The land on Worm's Head is very fertile and despite its hazards and rare accessibility, people in the past have attempted to utilise its resources. One Rhossili man decided to grow a crop of potatoes on the south side of the Inner Head, the potatoes grew very successful here and his early crop was earlier than anyone else's, but others were deterred from following his example when the problem of getting the crop over the razor-like rocks, back to the mainland was illustrated.
Sheep farmers, in the past, have utilised the rich grazing ground on 'The Worm'. For example the Talbot family at Penrice Castle used to graze their flock of wethers on the Inner Head of Worm's Head from September to March. It has been said that Worm's Head mutton is the tastiest in Gower. However, the sheep are so fond of the seclusion and good grass growing there that they are loathed to return to mainland pastures. One Rhossili farmer, Wilfred Beynon, reported that his whole flock of sheep escaped from their mainland field in the summer of 1932 and attempted to cross the treacherous causeway leading to the Worm. They were caught by the rising tide and all seventy of them drowned.
I don't know what it is, but once you put a sheep out on Worm's Head, it can't be kept away from there ... Once they've had a taste of the grass out there, they'll never be safe again - that's a bit of family wisdom, now.
- Wilfred Beynon in 'Yesterday's Gower' by J. Mansel Thomas, 1982.
Walking The Worm
Owned and protected as a National Nature Reserve by the National Trust and the Countryside Council for Wales, the varied plant life on Worm's Head is governed by the high winds, tidal spray and sun. The Outer Head is a very rare, ungrazed grassland, whereas the Inner Head, which has been grazed over the centuries, shows a large variation of plant colonies. Therefore, visitors are advised to keep to the well-worn dirt trail rather than trample on these species.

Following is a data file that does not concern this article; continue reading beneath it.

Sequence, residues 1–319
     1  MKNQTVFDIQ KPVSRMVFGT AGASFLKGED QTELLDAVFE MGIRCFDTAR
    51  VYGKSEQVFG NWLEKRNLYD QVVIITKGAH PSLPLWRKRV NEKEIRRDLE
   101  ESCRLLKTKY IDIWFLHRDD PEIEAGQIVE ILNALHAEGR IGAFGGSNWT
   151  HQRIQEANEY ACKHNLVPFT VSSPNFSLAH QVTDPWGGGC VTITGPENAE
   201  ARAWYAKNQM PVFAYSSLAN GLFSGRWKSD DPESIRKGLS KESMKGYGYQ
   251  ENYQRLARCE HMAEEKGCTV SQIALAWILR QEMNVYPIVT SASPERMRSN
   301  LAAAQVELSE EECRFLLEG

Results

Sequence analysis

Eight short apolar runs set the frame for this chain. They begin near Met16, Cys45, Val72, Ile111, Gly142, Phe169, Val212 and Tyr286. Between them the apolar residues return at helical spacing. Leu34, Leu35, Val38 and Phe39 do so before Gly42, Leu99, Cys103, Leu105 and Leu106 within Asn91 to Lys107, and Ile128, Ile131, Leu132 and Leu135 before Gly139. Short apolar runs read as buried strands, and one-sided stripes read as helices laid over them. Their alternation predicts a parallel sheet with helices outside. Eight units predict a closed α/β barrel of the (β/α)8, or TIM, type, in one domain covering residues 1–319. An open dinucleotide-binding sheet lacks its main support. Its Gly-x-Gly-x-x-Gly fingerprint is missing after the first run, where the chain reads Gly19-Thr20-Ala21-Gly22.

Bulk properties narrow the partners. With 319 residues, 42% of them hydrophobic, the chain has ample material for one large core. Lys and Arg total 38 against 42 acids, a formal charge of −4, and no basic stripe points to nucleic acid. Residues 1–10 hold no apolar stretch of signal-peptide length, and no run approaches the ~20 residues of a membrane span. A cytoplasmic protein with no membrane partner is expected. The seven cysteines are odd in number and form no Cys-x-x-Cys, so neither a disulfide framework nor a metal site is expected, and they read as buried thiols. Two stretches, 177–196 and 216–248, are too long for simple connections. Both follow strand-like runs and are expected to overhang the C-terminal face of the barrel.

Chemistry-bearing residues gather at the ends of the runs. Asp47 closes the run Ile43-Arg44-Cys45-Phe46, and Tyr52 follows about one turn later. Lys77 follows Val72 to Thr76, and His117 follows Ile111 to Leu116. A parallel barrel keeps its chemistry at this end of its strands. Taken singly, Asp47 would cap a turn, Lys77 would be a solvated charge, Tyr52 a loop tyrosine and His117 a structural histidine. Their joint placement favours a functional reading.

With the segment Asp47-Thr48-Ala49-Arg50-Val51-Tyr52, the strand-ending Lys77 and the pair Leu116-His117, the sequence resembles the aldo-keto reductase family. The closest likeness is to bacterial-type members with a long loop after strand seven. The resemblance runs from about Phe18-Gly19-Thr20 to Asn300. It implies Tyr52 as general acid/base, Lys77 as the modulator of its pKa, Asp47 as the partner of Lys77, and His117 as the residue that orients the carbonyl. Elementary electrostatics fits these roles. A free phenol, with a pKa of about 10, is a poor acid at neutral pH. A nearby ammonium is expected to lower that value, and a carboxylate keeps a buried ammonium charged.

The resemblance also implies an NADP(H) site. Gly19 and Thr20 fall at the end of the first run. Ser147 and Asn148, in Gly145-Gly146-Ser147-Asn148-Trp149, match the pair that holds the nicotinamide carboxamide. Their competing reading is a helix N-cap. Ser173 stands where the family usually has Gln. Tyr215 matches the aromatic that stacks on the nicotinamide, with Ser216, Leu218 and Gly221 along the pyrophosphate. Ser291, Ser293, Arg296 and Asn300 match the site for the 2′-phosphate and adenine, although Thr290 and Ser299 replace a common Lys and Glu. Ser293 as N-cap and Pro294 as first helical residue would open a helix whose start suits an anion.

The best route for walkers to follow is down the wide path past National Trust Information Centre and shop, through the gate and follow the track for 1 mile until the former coastguard lookout hut is reached (it is now the Countryside Council for Wales Information Centre). From here start the decent to cross the causeway. It takes about 15 minutes to scramble across the wet, jagged rocks of the causeway. When the Inner Head is reached follow the dirt track round the south side (bear left), then across Devil's Bridge, around the south side (bear left again) of Low Neck, and on to the Outer Head. Remember not to climb to the top of the Outer Head between 1 March and 31 August so the nesting birds there are not disturbed and if the journey outwards is proving too long and laborious do not venture too far out and take the same route back.
Royal Mint - Coastline of Britain
In August 2009 the Royal Mint released a silver £5 coin depicting Worm's Head to commemorate the London 2012 Olympics and the places, people and history of Britain. The collectable coin was released again in 2012 as part of a 6-coin set representing the 'body' of Britain, capturing the land’s natural wonders and beauty.